Melanie’s father retired recently, and he’s already itching to get back to work, to occupy his time and his brain. I’m sure this is fairly common. You work and work and work, inching your way to a place where you no longer need to work–and find yourself lost. I myself don’t know if I’ll ever retire because I just can’t imagine my daily life with nothing to do each and every day. Sure, sure, I’d love to fill up that time with drawing and writing and being a creative fountain with unlimited high water pressure, but I suspect I’d somehow still feel real guilty about it. That said, if I do retire, I think one of the first things I’ll do is finally set about my mighty PopTarts-tasting adventure, wherein I try every flavor ever made; in fifty years or so, I expect there to be at least a hundred new flavors.

Anyways, all of that intro is to say that Donald Dowell, the central, almost-bald and definitely bored figure in Donald Dowell and the Ghost of Barker Manor, is also ready to get back to work. He’s in his eighties, and his reasons include being uninterested and to get away from his, so he says, intolerable wife. Unfortunately, not many people are hiring, and they certainly aren’t looking for a man of his age. He spends many hours knocking on doors and asking for jobs before he finds a potential gig: ghostbusting. Bob Delano, the most famous occult detective in all of Ireland, is looking for an assistant, and Donald’s first gig is investigating what is happening at the mysterious Barker Manor.

Donald Dowell and the Ghost of Barker Manor is an old point-and-click adventure game made recently, only a few years ago. Lemme see here: it was released in December 2013. It’s designed to be more old school in terms of gameplay, graphics, sound, and so on, and that’s perfectly fine. At least it isn’t driven by verbs, though you still have to click use door if you want to try and open it. Some may be put off on its retro tone alone, but I found its look intriguing enough to start clicking. However, I quickly discovered that not everything was to my liking, which, for a free download, is not a huge loss, but I still feel like I need to get these thoughts down and out of my brain before I can move on to something else. So here we go…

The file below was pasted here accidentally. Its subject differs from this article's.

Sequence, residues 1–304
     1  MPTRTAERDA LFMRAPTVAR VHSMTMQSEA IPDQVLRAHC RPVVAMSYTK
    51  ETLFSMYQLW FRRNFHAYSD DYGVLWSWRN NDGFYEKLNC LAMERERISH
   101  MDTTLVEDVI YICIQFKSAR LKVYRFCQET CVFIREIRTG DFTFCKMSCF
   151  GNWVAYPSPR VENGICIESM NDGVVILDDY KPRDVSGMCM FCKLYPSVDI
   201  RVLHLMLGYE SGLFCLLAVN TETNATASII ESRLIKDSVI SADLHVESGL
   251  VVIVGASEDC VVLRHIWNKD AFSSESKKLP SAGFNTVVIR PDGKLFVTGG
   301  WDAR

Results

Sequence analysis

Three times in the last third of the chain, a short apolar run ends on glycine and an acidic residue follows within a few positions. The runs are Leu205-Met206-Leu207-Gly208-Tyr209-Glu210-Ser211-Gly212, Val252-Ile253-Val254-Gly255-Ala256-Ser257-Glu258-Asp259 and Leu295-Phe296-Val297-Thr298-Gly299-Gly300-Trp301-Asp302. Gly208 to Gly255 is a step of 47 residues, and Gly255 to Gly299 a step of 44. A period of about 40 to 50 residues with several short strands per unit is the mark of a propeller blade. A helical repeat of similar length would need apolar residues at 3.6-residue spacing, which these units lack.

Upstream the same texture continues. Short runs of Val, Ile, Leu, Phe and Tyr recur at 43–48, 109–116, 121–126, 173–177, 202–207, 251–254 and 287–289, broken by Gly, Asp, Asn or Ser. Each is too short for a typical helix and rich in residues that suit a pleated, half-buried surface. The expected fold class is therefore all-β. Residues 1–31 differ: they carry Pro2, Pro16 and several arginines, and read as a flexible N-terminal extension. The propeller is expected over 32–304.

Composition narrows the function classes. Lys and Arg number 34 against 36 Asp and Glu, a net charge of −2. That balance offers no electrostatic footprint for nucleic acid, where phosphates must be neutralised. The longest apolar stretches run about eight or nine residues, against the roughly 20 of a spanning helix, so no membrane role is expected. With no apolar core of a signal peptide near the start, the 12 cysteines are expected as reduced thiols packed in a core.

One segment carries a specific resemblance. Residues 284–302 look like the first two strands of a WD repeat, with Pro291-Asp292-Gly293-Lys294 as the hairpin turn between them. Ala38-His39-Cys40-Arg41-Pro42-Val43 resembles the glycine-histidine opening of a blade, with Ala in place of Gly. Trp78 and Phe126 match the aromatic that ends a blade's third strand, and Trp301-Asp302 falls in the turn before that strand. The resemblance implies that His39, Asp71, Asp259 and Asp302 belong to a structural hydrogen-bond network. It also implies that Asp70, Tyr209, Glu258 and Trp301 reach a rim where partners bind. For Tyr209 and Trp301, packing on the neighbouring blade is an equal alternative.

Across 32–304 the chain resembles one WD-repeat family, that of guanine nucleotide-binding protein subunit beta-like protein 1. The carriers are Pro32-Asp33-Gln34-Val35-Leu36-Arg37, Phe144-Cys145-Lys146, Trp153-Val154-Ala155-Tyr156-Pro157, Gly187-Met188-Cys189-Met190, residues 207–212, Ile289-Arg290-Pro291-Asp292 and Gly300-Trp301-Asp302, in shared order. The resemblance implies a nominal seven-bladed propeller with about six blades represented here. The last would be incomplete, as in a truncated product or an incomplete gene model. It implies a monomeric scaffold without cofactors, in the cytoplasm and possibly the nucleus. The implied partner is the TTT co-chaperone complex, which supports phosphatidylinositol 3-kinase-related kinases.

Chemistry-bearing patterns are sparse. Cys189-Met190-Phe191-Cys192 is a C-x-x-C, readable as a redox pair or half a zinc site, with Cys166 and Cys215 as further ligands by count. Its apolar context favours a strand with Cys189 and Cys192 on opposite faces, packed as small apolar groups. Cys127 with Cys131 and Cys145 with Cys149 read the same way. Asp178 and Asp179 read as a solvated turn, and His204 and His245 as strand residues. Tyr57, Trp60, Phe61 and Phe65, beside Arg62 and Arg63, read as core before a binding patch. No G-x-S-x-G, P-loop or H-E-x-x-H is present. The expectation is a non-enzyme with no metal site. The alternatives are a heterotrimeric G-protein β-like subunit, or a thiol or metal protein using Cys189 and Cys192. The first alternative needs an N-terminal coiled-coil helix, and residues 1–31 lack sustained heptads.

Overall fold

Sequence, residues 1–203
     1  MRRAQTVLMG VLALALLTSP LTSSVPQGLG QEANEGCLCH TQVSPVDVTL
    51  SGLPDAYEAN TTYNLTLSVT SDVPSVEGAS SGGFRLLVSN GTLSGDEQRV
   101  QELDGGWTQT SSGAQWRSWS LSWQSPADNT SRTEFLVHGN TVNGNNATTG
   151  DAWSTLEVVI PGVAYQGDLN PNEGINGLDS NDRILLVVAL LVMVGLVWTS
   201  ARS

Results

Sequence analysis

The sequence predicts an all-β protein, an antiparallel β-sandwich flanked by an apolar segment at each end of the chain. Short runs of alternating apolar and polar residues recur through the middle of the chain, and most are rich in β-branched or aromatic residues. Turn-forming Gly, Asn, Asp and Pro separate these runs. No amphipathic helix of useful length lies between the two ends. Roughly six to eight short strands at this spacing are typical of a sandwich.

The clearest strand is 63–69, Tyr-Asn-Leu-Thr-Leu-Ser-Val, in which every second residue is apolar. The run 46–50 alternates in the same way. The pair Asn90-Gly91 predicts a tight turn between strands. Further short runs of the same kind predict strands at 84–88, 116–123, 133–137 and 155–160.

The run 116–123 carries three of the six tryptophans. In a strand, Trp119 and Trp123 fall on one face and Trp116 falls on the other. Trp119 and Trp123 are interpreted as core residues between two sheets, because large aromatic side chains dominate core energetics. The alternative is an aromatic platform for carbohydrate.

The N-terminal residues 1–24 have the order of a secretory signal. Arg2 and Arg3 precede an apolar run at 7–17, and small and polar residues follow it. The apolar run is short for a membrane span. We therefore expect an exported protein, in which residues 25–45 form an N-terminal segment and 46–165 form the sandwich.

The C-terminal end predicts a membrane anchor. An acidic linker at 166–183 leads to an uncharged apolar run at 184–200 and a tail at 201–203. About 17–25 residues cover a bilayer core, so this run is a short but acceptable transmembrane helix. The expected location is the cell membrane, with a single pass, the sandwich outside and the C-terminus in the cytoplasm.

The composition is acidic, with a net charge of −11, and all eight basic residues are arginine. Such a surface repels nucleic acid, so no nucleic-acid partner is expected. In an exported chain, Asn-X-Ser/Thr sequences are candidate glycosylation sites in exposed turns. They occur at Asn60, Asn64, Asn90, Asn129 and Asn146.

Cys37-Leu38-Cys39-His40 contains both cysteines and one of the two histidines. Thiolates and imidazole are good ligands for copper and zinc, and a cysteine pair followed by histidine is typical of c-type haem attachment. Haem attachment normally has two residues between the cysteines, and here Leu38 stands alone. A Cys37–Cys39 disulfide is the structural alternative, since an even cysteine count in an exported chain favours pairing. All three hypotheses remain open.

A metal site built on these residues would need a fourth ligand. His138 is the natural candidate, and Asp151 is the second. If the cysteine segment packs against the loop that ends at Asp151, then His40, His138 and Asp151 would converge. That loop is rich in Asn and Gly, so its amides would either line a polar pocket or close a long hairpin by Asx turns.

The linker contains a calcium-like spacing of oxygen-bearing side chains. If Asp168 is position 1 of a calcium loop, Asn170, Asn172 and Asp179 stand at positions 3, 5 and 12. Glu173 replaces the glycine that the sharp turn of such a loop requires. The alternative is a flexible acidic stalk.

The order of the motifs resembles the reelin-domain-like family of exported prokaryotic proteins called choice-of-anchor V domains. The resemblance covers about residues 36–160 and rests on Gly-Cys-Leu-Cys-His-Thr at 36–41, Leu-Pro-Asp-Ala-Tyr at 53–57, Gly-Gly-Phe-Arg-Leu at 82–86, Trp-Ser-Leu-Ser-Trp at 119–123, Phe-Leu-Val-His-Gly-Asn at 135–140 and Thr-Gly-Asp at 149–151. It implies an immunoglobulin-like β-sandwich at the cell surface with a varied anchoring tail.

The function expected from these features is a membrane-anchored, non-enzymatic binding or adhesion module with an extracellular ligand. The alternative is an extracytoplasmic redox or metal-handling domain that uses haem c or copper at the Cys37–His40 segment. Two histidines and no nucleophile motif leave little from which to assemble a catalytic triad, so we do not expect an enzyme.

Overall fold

First and foremost, there’s a malicious coating to everything that Donald says about his wife. These constant putdowns are unnecessary and disappointing, as “being old” is not an excuse to treat someone with such disdain. It really is upsetting and doesn’t make him the slightest bit likable from the word go. There’s also a fair amount of repetition, both in jokes and puzzles; for example, in the opening scene, Karl allows Donald to go into his bathroom twice and clog up the toilet in the exact same manner without raising an eyebrow about the old geezer’s motives. This is done so the player can solve a puzzle, but doesn’t hold up through the narrative. There’s also a lot of fourth wall-breaking, which normally doesn’t bother me, considering I enjoy things like Lemony Snicket’s A Series of Unfortunate Events and being god in Drawn to Life, but here it just feels out of place and uninspired.

However, the biggest snag I’ve hit so far in Donald Dowell and the Ghost of Barker Manor is the kind of thing that I fear in every point-and-click adventure game I play–it opens up too fast. I believe this also happened rather quickly in the second part of Broken Age. Anyways, basically after playing the intro scene, which had you, at most, examining items in two locations with one sole to speak with, you are transported to Barker Manor–cue the lightning and thunder crash joke–wherein you are suddenly able to visit a handful of new locations immediately, all with people in them to talk to, items to examine, and things to interact with. I can’t count for you, but I feel like there were more new areas to explore than I have fingers. It’s overwhelming. The game is non-linear and doesn’t provide a good sense of direction in terms of quests or plot. There’s also no map, so once you travel all the way to one end of the manor’s grounds, you need to slowly retrace your steps, scene by scene, to head back. I think double-clicking to move to a new location in more modern point-and-click games has ruined my patience for these slow-burners.

That said, I really do like the art direction in Donald Dowell and the Ghost of Barker Manor. It’s cartoony and colorful, with characters that stand out and instantly have unique personalities, which is important to get since there is no voice acting. And, despite probably not catching every reference out there, the call-outs to things like Monkey Island, Broken Sword, and Day of the Tentacle are plenty and enjoyable, as are the many mentions of famous historical and fictional people. The music is all right, but begins to lose its fun after repeating several times, especially when you realize you have to listen to it as you cross the manor’s grounds yet again to see if that person at the far end of the river has anything else to say now that you picked up some dentures you stole from manor’s manager as he was distracted.

I really really hate abandoning games unfinished, but I’m just not feeling this one to want to see it all the way through. Especially not when I know there’s a laundry list of other point-and-click adventure games in my collection still to try, such as Yesterday, Oxenfree, Grim Fandango Remastered, and so on. Good luck, Donald, with your anti-retirement plans and catching them ghosts. Do try to be nicer to the people in your life.

Crime Secrets: Crimson Lily kinda puts your detective work to work